Next question arises, exactly how should we do it effectively possibly at the same time without consuming long? The fastest possible way would possibly be to have some mechanism in place so that the encryption can occur at the client side only. Okay, so, just how can the encryption come about at the client side? When we put both the encryption also definition and also the public key in the JavaScript (or VBScript) code and the other can easily see everything by viewing the page source. Have you think that making the JavaScript external can solve your trouble? As in you only declare the JS file therefore and not list down the contents. Well... if you did think this, you still have to think again. A external JS file is every bit exposed for viewing with the clients as you can simply type the trail (if the path is absolute Or maybe append the relative route to the roor URL) inside the browser window so the JS will be there that you should be viewed. We'll see examples below. Evidently, the encryption won't really carry any benefit here.

How else can we do it at the client side? How good would Applets be?

Yeah... you got a better strategy for handling the situation. Inevitably that applets are also downloaded to the client machine and so are executed at client machine itself, and we all can now make use of the Java programming language and it is security mechanism for having the encryption implemented in the far better manner. What's probably a far more appealing about this approach is that you may NOT see the source in the applet class(es) directly. These are normally shipped in JAR bundles giving an extra layer of security. It is possible to claim that since the JARs are downloaded and also the .class file with the applet class runs inside the vicinity of the client JVM and so the bytecodes would certainly be available that may then be de-compiled to have a look at the source. Yeah, you're are right the bytecodes are available at the client machine also it can be decompiled. But, what makes this approach better than the JavaScript approach could be understood by following points:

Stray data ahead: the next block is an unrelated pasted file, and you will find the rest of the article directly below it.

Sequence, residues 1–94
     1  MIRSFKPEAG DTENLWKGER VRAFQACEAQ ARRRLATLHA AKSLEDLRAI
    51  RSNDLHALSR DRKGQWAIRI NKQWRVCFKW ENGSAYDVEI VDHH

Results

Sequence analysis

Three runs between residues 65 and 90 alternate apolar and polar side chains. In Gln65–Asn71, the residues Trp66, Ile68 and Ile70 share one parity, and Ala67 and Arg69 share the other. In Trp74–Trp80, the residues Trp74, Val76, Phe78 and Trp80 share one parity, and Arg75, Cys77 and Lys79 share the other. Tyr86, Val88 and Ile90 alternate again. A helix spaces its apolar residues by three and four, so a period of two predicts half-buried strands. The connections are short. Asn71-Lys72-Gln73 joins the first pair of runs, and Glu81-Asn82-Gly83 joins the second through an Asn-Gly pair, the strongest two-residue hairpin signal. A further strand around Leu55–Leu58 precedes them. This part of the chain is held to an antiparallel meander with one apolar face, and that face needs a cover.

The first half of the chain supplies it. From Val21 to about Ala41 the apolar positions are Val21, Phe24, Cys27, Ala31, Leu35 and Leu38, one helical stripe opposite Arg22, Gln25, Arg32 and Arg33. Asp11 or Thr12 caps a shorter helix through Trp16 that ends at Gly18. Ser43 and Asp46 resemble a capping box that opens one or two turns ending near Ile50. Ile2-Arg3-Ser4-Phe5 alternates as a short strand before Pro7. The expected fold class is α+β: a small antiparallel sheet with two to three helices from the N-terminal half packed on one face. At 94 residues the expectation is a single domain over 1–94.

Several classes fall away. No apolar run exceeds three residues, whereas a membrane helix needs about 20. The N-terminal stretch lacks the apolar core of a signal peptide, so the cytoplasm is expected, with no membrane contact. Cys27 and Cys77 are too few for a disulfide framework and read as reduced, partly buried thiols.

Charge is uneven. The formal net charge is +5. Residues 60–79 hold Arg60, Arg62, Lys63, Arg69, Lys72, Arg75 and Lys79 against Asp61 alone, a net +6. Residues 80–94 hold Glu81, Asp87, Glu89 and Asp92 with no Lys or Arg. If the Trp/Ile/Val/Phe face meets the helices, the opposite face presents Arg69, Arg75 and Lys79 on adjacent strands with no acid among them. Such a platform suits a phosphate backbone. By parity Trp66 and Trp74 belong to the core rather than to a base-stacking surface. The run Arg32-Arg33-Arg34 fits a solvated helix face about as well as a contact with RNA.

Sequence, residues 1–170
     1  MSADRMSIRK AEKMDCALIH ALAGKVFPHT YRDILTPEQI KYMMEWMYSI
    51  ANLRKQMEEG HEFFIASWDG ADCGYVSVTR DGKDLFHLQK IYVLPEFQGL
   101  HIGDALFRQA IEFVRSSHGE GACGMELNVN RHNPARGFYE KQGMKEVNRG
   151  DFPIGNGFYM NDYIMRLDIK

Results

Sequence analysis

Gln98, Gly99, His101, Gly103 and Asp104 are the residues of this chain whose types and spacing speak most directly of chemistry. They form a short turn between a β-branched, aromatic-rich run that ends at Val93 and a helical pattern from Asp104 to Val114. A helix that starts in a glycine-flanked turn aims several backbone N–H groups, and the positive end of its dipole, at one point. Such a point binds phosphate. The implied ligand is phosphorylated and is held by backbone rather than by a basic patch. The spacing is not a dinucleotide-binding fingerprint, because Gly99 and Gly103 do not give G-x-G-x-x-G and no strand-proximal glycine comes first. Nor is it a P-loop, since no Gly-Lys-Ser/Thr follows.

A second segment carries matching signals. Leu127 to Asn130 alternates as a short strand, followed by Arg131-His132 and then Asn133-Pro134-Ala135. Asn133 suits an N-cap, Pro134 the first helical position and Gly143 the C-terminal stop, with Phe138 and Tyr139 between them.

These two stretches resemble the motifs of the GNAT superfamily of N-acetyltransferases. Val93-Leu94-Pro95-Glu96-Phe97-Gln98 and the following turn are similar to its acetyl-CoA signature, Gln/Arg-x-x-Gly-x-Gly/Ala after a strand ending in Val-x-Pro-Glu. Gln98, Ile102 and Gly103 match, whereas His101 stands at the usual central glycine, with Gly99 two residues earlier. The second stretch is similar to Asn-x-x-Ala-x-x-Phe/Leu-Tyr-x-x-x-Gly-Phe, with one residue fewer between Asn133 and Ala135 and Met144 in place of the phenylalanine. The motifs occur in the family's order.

Bytecode tempering is automatically detected: automobile intruder somehow gets your hands on the bytecodes and changes that, the changed bytecode will throw different while running whereas these changes in the JavaScript (or VBSCript) source will not be detected.
 Security Mechanism of Java is a lot more versatile: what we mentioned in the above point is additionally an integral part of the Java Security mechanism, yet it's not only limited to this. The correct answer is versatile and layered. No such benefit is available with JavaScript (or VBScript).
 JVM supplies a far more consistent environment: bytecodes run within a Java Virtual Machine which obviously offers a far more consistent and stable environment as compared to the environment in which JavaScript (or VBSCript) code runs.
 Impl of public/private keys for every new request: you would probably be aware of the Secure Key concept which forms an element of the password on many systems. The root idea in such implementations is to have part of the password which will keep on changing with a continuous basis and thus making it virtually impossible for that attackers to estimate that. Similarly, if we want to boost the encryption strength to an even higher level, we can easily put in place different public/private key combinations for each new request.

Post by bcryptgenerator (2015-09-07 12:04)